Conflicts of interest: None declared.
The disability adjusted life years due to stroke in South Africa in 2008
Article first published online: 7 JAN 2013
© 2013 The Authors. International Journal of Stroke © 2013 World Stroke Organization
International Journal of Stroke
Special Issue: World Stroke Day Edition 2013
Volume 8, Issue Supplement A100, pages 76–80, October 2013
How to Cite
Bertram, M. Y., Katzenellenbogen, J., Vos, T., Bradshaw, D. and Hofman, K. J. (2013), The disability adjusted life years due to stroke in South Africa in 2008. International Journal of Stroke, 8: 76–80. doi: 10.1111/j.1747-4949.2012.00955.x
- Issue published online: 22 OCT 2013
- Article first published online: 7 JAN 2013
- Bill & Melinda Gates Foundation
- developing countries;
South Africa is experiencing epidemiological transition, with the burden of chronic diseases increasing. Stroke is currently the second leading cause of death in South Africa; however, limited data are available on incidence, prevalence and resulting disability. Quantifying the epidemiological parameters and disease burden is important in the planning of health services.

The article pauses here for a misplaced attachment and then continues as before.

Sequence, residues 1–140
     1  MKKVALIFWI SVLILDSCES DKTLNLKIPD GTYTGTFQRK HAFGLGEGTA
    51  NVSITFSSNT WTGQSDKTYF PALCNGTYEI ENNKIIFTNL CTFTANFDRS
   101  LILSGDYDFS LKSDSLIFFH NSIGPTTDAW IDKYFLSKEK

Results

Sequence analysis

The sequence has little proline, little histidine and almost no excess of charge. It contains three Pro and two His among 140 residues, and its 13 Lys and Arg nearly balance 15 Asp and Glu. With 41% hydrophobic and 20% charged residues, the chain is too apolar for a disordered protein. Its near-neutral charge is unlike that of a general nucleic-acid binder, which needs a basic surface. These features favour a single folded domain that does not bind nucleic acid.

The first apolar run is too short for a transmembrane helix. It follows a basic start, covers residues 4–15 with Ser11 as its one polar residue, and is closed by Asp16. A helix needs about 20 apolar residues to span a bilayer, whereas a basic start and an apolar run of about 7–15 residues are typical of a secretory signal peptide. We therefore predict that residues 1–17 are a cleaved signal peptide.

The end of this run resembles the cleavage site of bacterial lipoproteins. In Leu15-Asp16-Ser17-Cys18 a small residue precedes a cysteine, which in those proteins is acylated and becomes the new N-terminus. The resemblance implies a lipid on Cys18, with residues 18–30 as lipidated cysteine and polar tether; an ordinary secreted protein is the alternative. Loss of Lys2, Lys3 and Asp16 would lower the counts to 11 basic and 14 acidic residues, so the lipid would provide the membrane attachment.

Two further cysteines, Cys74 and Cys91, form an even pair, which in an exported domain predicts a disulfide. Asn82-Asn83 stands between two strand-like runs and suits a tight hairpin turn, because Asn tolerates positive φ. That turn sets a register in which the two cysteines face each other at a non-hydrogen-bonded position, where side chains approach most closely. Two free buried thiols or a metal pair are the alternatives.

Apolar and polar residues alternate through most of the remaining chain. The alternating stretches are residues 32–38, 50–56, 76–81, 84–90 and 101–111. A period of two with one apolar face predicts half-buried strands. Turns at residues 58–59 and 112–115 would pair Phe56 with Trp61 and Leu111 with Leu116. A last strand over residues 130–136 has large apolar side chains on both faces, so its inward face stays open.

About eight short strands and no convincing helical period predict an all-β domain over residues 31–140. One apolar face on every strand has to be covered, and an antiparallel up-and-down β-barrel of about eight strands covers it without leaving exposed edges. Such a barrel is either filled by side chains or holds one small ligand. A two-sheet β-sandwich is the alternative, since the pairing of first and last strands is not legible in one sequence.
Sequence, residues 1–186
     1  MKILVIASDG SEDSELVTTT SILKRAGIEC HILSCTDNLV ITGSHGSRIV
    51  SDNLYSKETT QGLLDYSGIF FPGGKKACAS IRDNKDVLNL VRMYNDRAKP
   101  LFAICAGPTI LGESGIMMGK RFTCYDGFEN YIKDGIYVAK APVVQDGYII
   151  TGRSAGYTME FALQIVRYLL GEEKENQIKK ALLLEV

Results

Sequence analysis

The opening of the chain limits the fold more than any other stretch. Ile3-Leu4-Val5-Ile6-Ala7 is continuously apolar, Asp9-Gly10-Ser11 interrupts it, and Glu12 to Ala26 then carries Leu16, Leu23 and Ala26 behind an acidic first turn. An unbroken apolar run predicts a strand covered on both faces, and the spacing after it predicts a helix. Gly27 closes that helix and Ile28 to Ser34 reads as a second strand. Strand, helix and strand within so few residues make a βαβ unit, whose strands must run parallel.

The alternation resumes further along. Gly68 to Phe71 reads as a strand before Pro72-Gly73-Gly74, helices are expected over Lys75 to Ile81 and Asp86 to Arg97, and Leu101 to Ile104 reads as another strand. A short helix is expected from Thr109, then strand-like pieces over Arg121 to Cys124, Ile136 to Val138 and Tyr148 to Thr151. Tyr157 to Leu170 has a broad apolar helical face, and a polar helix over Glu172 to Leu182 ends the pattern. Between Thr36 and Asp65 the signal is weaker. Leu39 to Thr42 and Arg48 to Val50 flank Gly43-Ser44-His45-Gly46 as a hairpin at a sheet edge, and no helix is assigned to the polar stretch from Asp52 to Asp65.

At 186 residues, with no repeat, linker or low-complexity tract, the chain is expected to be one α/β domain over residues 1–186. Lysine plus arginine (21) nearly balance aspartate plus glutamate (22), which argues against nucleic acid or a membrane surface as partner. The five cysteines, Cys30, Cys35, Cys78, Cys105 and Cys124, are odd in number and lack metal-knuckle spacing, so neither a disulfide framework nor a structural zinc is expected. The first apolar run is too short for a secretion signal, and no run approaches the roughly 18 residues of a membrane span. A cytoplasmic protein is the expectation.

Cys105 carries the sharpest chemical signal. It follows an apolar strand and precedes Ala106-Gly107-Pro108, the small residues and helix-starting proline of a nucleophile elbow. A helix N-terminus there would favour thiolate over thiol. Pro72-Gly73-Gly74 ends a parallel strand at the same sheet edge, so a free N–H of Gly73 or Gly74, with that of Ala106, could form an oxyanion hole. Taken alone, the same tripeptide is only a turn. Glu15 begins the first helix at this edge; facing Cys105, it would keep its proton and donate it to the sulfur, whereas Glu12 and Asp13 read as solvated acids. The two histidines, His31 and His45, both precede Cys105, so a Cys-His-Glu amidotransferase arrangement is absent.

To synthesize the data surrounding stroke in South Africa and calculate disability adjusted life years attributable to stroke in South Africa in 2008.
We undertook a systematic review to identify studies on the prevalence and mortality of stroke in South Africa. We used the DisMod program to calculate missing epidemiological parameters, in particular incidence and duration. Using these values, we calculated the burden of disease in years of life lost (YLL), years lived with disability (YLD) and disability adjusted life years (DALY).
Data on prevalence and mortality of stroke in South Africa are scarce. We estimate there are 75 000 strokes in South Africa each year, with 25 000 of these fatal within the first month. The burden of disease due to stroke in South Africa was 564 000 DALYs. Of this, 17% is contributed by YLD (14–20% in sensitivity analysis).
This study provides information on prevalence, incidence and disease burden of stroke at the national level in South Africa. The results of this analysis will enable further work on priority setting and health service planning for primary and secondary prevention of stroke in South Africa.